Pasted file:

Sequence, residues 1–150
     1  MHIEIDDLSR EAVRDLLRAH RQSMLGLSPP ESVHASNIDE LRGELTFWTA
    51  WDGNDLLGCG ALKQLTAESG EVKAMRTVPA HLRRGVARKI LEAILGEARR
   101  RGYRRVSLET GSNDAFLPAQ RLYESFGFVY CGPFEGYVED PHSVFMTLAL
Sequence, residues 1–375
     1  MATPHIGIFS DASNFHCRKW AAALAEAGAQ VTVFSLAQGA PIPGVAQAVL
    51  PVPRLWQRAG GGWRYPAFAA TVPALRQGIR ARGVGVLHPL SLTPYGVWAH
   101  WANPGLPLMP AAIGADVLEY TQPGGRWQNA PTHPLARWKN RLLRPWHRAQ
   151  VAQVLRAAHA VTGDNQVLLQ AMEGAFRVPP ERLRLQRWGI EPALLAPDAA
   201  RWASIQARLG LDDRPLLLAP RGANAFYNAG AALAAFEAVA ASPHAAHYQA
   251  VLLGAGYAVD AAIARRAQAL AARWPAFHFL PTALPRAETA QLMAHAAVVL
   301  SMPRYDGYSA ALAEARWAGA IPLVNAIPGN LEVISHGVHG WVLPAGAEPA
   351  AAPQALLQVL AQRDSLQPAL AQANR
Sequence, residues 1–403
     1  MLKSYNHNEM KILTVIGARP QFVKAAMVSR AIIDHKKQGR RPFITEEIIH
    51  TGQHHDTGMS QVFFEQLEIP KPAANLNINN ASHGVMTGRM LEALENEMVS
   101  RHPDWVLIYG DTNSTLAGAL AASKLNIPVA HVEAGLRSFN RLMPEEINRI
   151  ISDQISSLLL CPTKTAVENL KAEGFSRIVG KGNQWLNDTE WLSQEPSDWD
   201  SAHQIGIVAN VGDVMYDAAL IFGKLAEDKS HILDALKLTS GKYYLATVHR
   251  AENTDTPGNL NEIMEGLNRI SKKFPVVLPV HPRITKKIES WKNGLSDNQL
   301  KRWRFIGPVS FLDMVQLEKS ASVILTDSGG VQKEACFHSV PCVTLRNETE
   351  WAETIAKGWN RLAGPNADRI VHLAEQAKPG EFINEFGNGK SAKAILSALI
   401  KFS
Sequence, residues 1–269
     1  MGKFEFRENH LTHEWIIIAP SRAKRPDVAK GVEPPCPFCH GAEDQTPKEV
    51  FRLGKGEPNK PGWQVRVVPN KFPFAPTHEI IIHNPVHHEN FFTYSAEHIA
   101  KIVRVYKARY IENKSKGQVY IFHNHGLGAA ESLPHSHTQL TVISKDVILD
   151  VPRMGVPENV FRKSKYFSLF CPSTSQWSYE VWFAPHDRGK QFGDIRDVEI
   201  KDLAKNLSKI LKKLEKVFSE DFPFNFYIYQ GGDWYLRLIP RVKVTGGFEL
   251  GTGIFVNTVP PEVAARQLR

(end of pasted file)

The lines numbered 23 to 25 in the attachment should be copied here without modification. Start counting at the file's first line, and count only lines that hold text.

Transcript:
   401  KFS
Sequence, residues 1–269
     1  MGKFEFRENH LTHEWIIIAP SRAKRPDVAK GVEPPCPFCH GAEDQTPKEV